Just down the beach from us and visible from our terrace is a great new summer construction of four bungee trampolines. San Geraldo and I have been dying to give it a try.

WHILE I WATCHED, THE FATHER OF THESE TWO PAID FOR TWO ADDITIONAL ROUNDS. 

Yesterday evening on my way home from an 8-km (5-mile) walk, I stopped and asked what maximum weight was allowed. No more than 80 kilos, I was told. That's about l76 pounds. I knew that after we moved to Sevilla in 2011 I had lost some weight and was down to around 77 kilos (169 pounds). I also knew I had put some weight back on (happily) since our arrival in Fuengirola. I wasn't too keen to be at the top limit of the bungee cords or trampolines, but decided to weigh myself and see where things stood.


This morning, before breakfast I weighed in at 80.47 kilos (177 pounds). Someone else might fudge the numbers but I'm no daredevil. So, unless Peter Pan has a truckload of fairy dust, I guess I won't be flying. And since San Geraldo describes himself as "robusto," it goes without saying he's grounded, too.


Tuesday, June 18, 2013

Residency: The Second First Renewal

Finally, we headed back this morning to the National Police to pick up our new residency cards. Our last renewed cards were good for two years (until July 2014), but then we moved and changed provinces (from Sevilla to Málaga) and had to obtain new cards with our current address. We submitted the paperwork early April and returned in May to pick up the cards, having been told they would be ready in 30 days. Not so. The official document said 45 days. The English guy at the information desk was so unbelievably unpleasant (downright nasty) that we dreaded returning for more abuse.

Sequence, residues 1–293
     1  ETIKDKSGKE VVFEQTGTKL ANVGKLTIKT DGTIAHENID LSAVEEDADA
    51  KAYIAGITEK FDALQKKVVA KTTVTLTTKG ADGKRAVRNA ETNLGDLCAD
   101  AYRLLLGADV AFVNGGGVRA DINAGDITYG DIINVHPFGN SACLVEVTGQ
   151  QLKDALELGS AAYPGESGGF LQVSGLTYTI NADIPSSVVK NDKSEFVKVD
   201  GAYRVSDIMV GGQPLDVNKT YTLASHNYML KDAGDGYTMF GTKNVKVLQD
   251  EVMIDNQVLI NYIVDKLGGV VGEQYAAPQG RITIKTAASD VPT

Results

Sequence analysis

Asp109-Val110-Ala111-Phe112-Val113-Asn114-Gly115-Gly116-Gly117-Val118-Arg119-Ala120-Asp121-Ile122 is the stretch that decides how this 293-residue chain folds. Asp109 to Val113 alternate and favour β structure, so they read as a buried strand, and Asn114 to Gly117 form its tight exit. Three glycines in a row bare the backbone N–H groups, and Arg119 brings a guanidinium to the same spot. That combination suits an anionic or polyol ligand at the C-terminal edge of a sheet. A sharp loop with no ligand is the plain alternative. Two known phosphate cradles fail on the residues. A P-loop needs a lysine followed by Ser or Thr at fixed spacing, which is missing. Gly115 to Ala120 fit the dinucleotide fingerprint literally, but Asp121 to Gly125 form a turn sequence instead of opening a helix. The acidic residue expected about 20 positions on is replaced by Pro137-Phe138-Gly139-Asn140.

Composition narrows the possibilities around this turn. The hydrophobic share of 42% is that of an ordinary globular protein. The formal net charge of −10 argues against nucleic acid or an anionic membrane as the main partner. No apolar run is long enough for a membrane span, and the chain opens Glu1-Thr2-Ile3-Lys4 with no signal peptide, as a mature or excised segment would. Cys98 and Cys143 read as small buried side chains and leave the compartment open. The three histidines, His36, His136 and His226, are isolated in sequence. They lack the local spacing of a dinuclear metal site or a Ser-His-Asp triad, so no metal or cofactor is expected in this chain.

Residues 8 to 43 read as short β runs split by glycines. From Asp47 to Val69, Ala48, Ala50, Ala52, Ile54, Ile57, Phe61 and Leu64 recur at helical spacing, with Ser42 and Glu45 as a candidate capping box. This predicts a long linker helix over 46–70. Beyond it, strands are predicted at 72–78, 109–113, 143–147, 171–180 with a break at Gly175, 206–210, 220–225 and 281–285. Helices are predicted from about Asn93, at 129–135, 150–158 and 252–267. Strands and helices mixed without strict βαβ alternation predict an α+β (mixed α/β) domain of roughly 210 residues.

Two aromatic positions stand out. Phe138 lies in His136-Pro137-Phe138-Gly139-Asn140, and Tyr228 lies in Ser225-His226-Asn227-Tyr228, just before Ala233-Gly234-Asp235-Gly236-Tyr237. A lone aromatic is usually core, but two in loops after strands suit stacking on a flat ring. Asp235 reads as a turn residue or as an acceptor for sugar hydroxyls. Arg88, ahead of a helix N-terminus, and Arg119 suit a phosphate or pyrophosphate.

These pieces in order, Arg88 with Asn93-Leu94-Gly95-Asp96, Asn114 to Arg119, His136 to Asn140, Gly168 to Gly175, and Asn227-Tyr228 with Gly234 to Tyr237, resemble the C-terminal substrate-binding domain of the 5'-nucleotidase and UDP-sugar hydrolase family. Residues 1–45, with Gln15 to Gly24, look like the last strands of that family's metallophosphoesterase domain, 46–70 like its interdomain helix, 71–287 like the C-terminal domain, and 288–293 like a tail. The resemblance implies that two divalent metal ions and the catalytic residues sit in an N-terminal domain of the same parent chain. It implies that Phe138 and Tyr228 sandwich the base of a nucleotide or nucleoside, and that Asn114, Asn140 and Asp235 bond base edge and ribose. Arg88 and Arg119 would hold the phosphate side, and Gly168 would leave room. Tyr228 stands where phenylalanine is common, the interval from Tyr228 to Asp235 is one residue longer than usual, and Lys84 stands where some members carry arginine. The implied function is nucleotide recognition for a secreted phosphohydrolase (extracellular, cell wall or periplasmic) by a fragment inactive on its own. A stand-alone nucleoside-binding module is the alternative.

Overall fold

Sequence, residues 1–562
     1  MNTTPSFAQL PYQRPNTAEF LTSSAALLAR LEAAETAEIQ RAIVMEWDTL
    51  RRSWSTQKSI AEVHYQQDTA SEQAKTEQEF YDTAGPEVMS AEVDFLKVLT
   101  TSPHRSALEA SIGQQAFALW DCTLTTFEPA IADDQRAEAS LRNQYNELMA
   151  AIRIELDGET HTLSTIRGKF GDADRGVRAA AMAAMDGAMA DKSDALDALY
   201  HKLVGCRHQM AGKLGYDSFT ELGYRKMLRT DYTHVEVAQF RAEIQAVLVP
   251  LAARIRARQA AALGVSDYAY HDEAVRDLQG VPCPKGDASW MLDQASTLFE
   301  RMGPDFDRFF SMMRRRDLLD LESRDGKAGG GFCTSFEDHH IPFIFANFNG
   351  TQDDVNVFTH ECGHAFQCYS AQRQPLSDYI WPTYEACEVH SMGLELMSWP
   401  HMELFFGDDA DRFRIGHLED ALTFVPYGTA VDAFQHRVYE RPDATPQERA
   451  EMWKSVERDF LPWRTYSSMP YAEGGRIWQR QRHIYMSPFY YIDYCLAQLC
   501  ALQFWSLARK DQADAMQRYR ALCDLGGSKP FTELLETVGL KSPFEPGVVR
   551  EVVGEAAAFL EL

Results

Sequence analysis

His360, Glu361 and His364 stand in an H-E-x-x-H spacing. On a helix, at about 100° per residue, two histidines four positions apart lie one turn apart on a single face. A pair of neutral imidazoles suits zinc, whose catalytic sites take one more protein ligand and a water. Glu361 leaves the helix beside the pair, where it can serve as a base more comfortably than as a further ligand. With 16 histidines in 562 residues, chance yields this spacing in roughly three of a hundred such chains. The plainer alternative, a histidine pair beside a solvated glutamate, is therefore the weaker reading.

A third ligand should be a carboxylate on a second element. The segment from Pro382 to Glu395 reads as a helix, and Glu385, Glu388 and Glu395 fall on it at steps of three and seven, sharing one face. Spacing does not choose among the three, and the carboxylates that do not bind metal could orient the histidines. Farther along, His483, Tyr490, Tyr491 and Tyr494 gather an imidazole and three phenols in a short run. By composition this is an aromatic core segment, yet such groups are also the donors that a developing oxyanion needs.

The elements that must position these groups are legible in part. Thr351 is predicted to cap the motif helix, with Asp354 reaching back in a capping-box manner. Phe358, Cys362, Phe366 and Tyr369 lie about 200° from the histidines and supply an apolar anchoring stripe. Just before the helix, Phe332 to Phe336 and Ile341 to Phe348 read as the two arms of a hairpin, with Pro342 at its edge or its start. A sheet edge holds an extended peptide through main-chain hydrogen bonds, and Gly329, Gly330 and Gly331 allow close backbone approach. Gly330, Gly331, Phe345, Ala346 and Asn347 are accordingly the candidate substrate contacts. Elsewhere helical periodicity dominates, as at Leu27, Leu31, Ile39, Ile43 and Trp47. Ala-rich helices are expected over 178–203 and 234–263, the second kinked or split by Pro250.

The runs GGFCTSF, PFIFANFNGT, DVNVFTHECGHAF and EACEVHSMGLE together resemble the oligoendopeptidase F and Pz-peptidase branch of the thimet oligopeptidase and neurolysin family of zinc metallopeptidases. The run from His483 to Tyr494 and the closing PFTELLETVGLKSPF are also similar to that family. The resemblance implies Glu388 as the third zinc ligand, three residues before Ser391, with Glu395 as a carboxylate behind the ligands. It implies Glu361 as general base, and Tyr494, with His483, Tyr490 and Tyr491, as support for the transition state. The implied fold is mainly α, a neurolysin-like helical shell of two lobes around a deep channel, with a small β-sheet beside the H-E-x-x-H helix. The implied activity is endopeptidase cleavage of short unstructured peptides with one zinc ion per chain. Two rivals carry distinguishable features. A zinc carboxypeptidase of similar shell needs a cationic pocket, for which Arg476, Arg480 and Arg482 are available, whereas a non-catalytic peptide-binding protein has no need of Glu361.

MOOSE (AT THE BACK WINDOW): "WHERE ARE YOU GOING SO EARLY? CAN I COME?
CAN YOU AT LEAST OPEN THE TERRACE DOOR?"

San Geraldo waited in one line (for foreigners) while I waited to confirm with the ogre that we were doing the right thing. He was gruff and unpleasant, but not vicious, and I managed to keep my cool, smile, and pretend I liked him. He told me, or at least I was able to understand from the stabbing of his finger at the piece of paper in my hand that 9-11 a.m. was appointments only. We did not and could not have an appointment to pick up our cards, so we had to return after 11. It was 9:30. We walked the few blocks to the beach and sat down at a cafe for our morning coffees. We had an hour and a half to kill. What else could we possibly do to fill the time except to order some pastries? I'm just calling it my fourth birthday dessert.

THE VIEW WHILE WE KILLED SOME TIME. NOTHING TO COMPLAIN ABOUT.
THE VIEW WHILE WE KILLED SOME MORE TIME.
SAN GERALDO HATES WALNUTS. I LOVE THEM. I INDULGED. IT IS MY BIRTHDAY WEEK.

At 10:50, we walked back up the street to the police station. We waited about 5 minutes and were called to a table by a man in uniform. We gave him our paperwork and old cards; he scanned our fingerprints and gave us our new cards. We think we know how it works now. The process isn't problematic except that no one tells you how it's done. The only resource for that is the ogre at the front desk. In nine months, we'll start again. Maybe the ogre will have retired. Anyway, I won't think about that now.

ON THE WAY HOME. THE OGRE, LONG FORGOTTEN.